Nuttall became the most traveled naturalist of his generation, six expeditions as far as Hawaii. Most collection (for plants and animals) trips were done alone and on foot much like John James Audubon. He was humble; he admitted to getting lost and rescued by other travelers in his journals. Some folks of that time described him as a "whimsical kind of madman". Could be, Nuttall was singularly focused on collecting plants and animals and information about them. His hard work paid off when he got lecturer position at Harvard University in 1823. He authored, published an affordable bird guide A Manual to the Ornithology of the United States and Canada in 1833. He also coauthored Flora of North America with John Torrey and Asa Gray.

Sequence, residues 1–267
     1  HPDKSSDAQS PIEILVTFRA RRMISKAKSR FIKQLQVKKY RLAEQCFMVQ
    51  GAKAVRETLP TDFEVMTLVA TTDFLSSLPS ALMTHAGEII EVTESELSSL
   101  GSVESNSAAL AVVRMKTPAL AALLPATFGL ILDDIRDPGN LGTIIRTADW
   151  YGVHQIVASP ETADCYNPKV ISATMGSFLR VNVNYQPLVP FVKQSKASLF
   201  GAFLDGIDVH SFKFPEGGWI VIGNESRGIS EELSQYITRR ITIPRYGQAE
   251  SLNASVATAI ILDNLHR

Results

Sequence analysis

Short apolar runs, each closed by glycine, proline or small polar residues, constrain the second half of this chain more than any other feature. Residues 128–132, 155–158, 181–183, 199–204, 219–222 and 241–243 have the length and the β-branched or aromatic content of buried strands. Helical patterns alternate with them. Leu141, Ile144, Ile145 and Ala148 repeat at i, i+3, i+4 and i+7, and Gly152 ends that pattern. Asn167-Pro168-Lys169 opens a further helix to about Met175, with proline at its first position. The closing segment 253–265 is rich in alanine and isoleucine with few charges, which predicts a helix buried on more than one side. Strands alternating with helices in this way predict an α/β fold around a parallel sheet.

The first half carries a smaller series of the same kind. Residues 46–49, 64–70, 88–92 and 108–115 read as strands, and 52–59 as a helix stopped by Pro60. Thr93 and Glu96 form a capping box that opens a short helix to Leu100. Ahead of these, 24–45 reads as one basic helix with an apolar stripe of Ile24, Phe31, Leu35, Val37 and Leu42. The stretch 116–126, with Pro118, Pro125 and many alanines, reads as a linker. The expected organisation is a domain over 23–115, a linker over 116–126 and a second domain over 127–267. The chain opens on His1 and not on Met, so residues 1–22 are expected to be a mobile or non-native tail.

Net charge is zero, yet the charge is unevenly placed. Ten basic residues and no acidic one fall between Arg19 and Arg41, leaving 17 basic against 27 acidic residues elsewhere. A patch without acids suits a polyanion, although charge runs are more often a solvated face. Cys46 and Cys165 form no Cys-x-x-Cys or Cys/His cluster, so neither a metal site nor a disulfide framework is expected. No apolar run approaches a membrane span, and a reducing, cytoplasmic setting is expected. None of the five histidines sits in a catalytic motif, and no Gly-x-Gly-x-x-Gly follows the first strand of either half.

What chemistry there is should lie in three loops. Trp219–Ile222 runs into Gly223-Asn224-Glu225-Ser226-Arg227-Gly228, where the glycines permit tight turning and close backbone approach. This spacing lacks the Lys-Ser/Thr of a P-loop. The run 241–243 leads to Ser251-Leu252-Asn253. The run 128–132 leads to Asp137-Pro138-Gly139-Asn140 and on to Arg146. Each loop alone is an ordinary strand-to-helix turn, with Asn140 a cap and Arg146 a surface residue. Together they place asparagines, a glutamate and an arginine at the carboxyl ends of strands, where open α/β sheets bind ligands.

He is memorialized with three bird species named after him (can you name them?). Numerous plants are also bear his name. I found two yesterday along the Clark Fork River in Missoula, MT: Nuttall's Rockcress (Arabis nuttallii) and Nuttall's Violet (Viola nuttallii). Could not find Nuttall's Pussytoes in bloom for three of a kind :-) What's in your neighborhood that may have been discovered 150 years ago?
Reference: Audubon to Xantus The Lives of Those Commemorated in North American Bird Names, Barbara and Richard Mearns, 1992, Academic Press Limited, San Diego, CA